The crisis has also aroused the interest of the US. “Stars and Stripes” companies (one for all the ExxonMobil) are investing, and much more have planned to invest, in the province of Cabo Delgado and certainly do not want to be at the center of a secessionist revolt. Washington has officially declared that it has brought the situation under attention. It is difficult, for now, to hypothesize a direct involvement of the US Armed Forces. The Pentagon would be studying two possible solutions. One, of the “Somali type”, provides for the training of Mozambican soldiers (and any allies) with the accompanying supply of close air support and armaments and any targeted and limited military interventions. The other, of the “Iraqi type”, provides for the establishment of security corridors in order to prevent risks on sensitive targets,BOX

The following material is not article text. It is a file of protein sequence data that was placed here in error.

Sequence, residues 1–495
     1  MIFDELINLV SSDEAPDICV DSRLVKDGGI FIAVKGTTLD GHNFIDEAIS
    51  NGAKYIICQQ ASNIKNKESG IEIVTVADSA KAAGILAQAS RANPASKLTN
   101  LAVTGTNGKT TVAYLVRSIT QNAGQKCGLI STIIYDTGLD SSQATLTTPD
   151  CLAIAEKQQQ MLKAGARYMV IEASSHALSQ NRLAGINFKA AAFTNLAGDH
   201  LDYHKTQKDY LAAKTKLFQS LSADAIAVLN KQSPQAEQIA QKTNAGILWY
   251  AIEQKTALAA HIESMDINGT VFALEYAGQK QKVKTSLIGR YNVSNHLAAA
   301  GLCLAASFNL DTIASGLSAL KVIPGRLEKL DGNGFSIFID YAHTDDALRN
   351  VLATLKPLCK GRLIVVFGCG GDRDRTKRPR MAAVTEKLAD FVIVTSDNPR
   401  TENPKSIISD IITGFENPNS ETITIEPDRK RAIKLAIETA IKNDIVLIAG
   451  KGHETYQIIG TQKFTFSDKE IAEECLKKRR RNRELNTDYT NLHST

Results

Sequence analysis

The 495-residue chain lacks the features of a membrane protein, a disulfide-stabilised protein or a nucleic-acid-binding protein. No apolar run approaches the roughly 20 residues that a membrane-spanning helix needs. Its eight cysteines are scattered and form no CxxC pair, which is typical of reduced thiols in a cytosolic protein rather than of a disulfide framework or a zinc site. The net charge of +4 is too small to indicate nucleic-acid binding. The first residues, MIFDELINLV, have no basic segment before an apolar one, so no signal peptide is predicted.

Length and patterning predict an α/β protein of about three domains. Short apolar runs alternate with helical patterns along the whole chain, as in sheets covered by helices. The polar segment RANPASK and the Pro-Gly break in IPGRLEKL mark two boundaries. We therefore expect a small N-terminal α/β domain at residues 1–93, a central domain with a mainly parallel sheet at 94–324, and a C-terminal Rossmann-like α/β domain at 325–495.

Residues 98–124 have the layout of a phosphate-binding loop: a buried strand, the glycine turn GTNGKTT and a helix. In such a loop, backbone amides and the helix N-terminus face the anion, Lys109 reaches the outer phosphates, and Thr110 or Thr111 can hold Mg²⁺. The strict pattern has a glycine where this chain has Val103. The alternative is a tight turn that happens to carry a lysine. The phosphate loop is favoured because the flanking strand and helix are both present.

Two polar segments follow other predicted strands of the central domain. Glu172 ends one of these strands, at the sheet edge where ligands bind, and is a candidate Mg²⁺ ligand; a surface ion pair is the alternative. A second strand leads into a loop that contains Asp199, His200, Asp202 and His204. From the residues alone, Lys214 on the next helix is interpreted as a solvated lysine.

To demonstrate how much France cares about the Iles Eparses was the current transalpine president Emmanuel Macron. First tenant of the Elysée, on October 23, 2019, to land on the windy and sandy Grande Glorieuse, an island about 8 thousand kilometers from Paris where the head of state declared, with somewhat rhetorical solemnity, “Here is France, here our pride, here our wealth “. A rhetoric justified by the growing arrogance of the president of Madagascar, Andry Rajoelina, in claiming the islands still belonging to France that surround the Malagasy state. And this despite the doubling of aid that Paris annually allocates to Antananarivo to counter the growing interest shown by Chinese emissaries.